I thought about that quotation, and the undeniable reality it reflects, when I read “The Myth that Everyone has an ID,” published at a site called “Civic Nebraska.”

The lede was essentially a restatement of Paine’s admonition:

The reality is, we don’t all live the same life. We don’t all have the same experiences. And we have to take that into account. We should make sure all voices are heard, and that the laws we put in place don’t cut people out, or make them second-class citizens. It’s our job to encourage them and protect them.”

That comes from our video Gavin’s Story: The Hidden Harm of Voter ID, and at the end of the day, it really is the central reason to not force Nebraskans into strict photo identification requirements at the ballot box. Despite the conventional wisdom and the assumption that everyone has a “proper ID,” the fact is that many Nebraskans don’t. This is true for any number of reasons; regardless, it’s never as simple as proponents of such strict identification measures make it out to be.

The article proceeded to look at the numbers and draw some unsettling conclusions. Given the state’s most recent population figures, the U.S. Census Bureau estimated 1,472,769 Nebraskans are of voting age.

How many of these Nebraskans already have IDs? According to the Department of Motor Vehicles, Nebraska had 1,418,301 licensed drivers who were 18 or older in 2021. That comes out to about 96 percent of voting-age Nebraskans. This sounds like “almost everyone,” until you consider what that represents in terms of individual people left behind by an unnecessary law. By our estimate, that could be as many as 54,500 potential Nebraska voters.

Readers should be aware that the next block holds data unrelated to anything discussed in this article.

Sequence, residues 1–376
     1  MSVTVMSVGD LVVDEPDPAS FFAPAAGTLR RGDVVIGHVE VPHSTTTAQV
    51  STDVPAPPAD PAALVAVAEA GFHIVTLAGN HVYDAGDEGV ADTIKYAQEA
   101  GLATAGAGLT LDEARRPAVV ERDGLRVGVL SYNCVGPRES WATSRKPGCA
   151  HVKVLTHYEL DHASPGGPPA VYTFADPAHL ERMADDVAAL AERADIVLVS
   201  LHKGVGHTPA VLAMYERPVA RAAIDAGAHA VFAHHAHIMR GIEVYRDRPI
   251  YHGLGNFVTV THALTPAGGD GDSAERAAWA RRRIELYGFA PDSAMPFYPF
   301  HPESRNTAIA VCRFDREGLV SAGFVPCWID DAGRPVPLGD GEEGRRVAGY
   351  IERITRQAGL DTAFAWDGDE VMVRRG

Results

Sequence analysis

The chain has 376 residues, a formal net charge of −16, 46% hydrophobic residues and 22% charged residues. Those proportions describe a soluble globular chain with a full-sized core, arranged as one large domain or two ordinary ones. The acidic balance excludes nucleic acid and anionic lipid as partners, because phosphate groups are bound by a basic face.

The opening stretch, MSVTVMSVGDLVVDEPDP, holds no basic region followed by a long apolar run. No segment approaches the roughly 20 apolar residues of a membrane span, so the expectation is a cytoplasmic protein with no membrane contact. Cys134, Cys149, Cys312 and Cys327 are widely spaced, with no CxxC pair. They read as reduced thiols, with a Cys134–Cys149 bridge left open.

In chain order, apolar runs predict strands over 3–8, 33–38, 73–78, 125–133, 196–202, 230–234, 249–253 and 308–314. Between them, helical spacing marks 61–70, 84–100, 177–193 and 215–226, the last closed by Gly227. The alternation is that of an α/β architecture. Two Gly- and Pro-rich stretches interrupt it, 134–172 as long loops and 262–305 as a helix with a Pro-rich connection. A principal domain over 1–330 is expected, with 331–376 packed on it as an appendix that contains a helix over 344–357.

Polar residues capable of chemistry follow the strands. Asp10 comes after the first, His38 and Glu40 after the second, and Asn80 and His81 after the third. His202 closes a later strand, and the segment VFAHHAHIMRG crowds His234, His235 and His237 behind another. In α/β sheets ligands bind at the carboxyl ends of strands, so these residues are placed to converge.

As the writer says, that’s not nothing.

It represents a lot of Nebraska voters – especially college students, low-income voters, disabled voters, rural voters, or any eligible voter who for whatever reason is without government-issued photo identification. These are our neighbors, friends, family, co-workers.

By the way, that’s a conservative number. It assumes people over 18 with learner’s permits, which allow a person to legally practice driving before applying for their driver’s license, are valid ID-holders. Throw those out for any reason, and the number of Nebraskans potentially without valid ID to vote is nearly 70,000. And, of course, this doesn’t include the untold number of Nebraskans who have state-issued IDs but who may have changed their name, address, or other feature in their life, likely rendering their currently held licenses invalid to vote.

The simple answer, of course, is to give everyone a free ID. As the article points out, “It’s a fine idea that will cost millions. Every year. Forever.” Given the overwhelming amount of research showing that in-person vote fraud is somewhere between minuscule and non-existent, that’s money that could be better spent elsewhere.( I’d suggest diverting it to accurate–i.e., non-Florida–civics education.)